University of Toronto’s $7 Billion Fund Makes Bet on ESG Debt

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(Bloomberg) — The University of Toronto is wagering the booming environmental, social and governance credit sector will outperform traditional game plans.


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RP Investment Advisors LP raised C$213 million ($161 million) from University of Toronto Asset Management, the manager of the university’s pension, endowment and short-term working capital funds, at the beginning of this year. It will invest in the debt of companies that have committed to reducing their carbon footprint, according to David Matheson, RPIA’s head of portfolio management.

“The mandate requires that we are investing in companies that, on average, have lower emissions than the index, but the goal is to both encourage transparency and disclosure, as well as encourage companies to commit to reductions and to do so in a timely manner,” Matheson said in an interview.

RPIA, which now has C$5.7 billion under management, will focus on largely investment-grade names. Under its global credit strategy, it can invest in a broad range of sectors including financial, energy, industrial and infrastructure companies. It’s staying away from tobacco companies, as well as cluster munitions manufacturers.

a church with a clock on the side of a road: The University Of Toronto As Ontario Lays Out Plan to Restart Economy

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The University Of Toronto As Ontario Lays Out Plan to Restart Economy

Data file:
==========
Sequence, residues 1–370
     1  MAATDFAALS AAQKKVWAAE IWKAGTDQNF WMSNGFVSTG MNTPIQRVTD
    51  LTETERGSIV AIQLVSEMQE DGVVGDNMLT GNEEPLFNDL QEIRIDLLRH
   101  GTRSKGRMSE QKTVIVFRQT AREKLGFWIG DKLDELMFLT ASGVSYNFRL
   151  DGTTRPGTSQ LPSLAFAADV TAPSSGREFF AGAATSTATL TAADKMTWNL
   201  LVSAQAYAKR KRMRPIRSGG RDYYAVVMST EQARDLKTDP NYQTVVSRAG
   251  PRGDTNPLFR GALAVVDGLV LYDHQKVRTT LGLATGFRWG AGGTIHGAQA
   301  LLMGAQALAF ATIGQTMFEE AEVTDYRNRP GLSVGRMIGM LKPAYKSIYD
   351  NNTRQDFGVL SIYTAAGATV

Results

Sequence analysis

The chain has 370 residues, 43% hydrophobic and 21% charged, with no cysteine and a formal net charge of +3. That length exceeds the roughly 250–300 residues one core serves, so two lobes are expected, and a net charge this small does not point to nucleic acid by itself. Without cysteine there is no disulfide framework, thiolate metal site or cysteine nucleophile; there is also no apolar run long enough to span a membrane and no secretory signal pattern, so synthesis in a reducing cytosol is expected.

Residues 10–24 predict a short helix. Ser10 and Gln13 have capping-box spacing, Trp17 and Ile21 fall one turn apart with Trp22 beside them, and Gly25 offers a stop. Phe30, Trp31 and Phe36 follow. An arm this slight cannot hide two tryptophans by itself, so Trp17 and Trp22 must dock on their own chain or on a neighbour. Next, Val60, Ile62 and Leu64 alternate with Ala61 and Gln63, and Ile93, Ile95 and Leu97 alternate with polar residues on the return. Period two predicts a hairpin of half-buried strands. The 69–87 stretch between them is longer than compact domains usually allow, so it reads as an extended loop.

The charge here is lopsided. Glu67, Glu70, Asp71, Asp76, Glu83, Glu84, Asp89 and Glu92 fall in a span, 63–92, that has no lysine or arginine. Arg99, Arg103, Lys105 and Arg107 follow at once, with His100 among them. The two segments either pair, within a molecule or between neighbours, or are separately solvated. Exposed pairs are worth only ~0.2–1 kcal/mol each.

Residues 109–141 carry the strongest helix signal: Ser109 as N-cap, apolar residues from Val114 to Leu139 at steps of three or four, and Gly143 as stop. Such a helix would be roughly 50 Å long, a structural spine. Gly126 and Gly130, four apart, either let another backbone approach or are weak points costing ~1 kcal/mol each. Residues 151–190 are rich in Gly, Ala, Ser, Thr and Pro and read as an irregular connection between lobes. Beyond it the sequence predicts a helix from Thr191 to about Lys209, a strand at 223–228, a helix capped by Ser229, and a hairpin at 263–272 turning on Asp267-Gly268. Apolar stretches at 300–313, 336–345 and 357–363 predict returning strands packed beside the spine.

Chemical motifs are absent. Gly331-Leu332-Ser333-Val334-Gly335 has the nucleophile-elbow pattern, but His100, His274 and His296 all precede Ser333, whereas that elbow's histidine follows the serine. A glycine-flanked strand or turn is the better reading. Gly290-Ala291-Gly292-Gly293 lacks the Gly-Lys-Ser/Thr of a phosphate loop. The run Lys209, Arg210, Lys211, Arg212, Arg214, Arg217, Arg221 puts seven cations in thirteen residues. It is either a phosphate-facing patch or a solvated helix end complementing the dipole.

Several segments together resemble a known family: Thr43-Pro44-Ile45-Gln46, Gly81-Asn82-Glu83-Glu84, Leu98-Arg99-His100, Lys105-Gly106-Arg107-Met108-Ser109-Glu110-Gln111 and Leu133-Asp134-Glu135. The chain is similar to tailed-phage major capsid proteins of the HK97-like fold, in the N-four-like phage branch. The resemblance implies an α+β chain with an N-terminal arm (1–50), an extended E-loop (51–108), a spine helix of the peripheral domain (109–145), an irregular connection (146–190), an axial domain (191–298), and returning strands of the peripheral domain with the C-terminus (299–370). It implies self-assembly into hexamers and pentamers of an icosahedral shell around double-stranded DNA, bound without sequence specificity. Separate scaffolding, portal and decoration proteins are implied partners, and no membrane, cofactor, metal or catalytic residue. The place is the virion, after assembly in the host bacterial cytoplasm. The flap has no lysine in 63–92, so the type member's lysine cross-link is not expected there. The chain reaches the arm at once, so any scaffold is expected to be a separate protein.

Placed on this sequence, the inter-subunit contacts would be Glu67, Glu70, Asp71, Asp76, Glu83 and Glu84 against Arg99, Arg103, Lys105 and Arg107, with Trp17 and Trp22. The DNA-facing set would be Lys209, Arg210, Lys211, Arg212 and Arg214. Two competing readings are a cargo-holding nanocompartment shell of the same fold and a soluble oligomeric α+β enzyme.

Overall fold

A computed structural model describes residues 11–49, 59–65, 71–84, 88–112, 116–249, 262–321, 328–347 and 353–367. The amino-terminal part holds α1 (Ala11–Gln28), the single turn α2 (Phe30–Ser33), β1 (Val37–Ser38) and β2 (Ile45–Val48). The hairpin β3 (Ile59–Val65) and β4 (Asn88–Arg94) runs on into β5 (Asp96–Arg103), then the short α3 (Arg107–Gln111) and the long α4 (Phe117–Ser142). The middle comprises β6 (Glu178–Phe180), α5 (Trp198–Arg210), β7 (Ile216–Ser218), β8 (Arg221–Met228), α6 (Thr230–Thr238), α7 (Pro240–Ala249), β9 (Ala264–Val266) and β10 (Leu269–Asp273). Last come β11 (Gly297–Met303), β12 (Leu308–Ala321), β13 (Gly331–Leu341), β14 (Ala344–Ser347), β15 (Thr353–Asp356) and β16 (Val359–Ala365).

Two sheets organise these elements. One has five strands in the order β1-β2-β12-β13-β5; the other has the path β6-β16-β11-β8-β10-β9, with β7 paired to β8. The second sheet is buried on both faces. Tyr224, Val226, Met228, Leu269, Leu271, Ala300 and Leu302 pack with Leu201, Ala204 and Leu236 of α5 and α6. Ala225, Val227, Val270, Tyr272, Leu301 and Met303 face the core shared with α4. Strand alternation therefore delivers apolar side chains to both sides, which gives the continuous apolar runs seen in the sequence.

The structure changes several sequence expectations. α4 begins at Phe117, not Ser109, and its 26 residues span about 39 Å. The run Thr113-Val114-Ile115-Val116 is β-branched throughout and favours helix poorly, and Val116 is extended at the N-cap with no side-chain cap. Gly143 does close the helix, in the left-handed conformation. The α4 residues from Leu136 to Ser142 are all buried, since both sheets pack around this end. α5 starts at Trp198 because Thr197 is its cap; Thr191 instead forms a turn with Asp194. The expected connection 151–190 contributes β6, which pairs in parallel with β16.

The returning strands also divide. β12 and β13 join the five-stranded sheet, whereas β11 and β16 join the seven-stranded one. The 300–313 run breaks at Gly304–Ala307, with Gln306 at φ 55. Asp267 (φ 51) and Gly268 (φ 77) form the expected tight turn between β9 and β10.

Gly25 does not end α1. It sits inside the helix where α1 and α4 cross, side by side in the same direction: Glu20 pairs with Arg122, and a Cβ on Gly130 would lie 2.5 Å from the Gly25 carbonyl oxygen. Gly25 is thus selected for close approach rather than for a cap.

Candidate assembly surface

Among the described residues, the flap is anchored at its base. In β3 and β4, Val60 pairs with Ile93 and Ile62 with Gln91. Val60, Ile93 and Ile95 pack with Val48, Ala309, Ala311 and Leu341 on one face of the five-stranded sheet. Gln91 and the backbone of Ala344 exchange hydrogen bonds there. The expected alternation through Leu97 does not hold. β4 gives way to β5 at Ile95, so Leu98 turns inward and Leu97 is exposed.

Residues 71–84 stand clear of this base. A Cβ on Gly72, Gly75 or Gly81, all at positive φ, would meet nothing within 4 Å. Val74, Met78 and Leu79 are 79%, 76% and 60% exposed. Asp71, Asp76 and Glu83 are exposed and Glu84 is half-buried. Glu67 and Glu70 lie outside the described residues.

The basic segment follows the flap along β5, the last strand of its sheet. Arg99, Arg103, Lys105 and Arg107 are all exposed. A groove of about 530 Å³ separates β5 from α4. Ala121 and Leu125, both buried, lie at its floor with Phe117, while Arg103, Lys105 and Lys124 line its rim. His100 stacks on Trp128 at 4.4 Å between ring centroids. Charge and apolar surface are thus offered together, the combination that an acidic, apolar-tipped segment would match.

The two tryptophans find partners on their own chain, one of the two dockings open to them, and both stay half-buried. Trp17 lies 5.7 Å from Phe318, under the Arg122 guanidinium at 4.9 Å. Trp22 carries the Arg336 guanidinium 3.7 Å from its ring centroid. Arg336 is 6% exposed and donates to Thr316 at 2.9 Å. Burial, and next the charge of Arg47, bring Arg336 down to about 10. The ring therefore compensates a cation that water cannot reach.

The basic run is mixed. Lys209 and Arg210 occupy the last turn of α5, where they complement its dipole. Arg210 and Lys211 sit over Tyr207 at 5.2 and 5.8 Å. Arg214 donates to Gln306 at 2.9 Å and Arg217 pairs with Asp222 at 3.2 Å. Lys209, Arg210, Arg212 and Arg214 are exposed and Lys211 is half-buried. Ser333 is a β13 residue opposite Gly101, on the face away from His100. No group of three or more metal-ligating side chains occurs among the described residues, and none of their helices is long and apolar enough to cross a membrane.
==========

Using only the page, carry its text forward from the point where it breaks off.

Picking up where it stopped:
The campus of University of Toronto, Canada’s largest university.

Photographer: Galit Rodan/Bloomberg

The firm is betting that using ESG as a tool in its asset allocation will lead to outperformance.

“The concept of actually embedding ESG analysis into your investments is about using the information in the marketplace to make better decisions,” Mike Quinn, chief investment officer at RPIA, said in the same interview.

“Certainly the firms that are leading on the ESG front are leading on many other factors, so by tilting your portfolio to have those factors more relevant, it can be an opportunity for outperformance.”

The strategy for the University of Toronto has returned 7.91%


Fletcher Fund launches to support students from underserved communities in pursuing higher education

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Fletcher Fund launches to support students from underserved communities in pursuing higher education

PR Newswire

ATLANTA, Oct. 7, 2020

Funders Christian Fletcher and Amber Fletcher seek to break cycle of inequality through education

ATLANTA, Oct. 7, 2020 /PRNewswire/ — The Fletcher Fund for Equality and Education announced today it will begin accepting applications in the coming months from exceptional students from underserved communities as they pursue opportunities in higher education. The fund will provide scholarships, mentorships, and other critical support to each selected student. The goal is to break down potential barriers preventing them from pursuing higher education at the top colleges and universities their achievements deserve.

The Fletcher Fund seeks to the break cycle of inequality experienced by the underserved through education.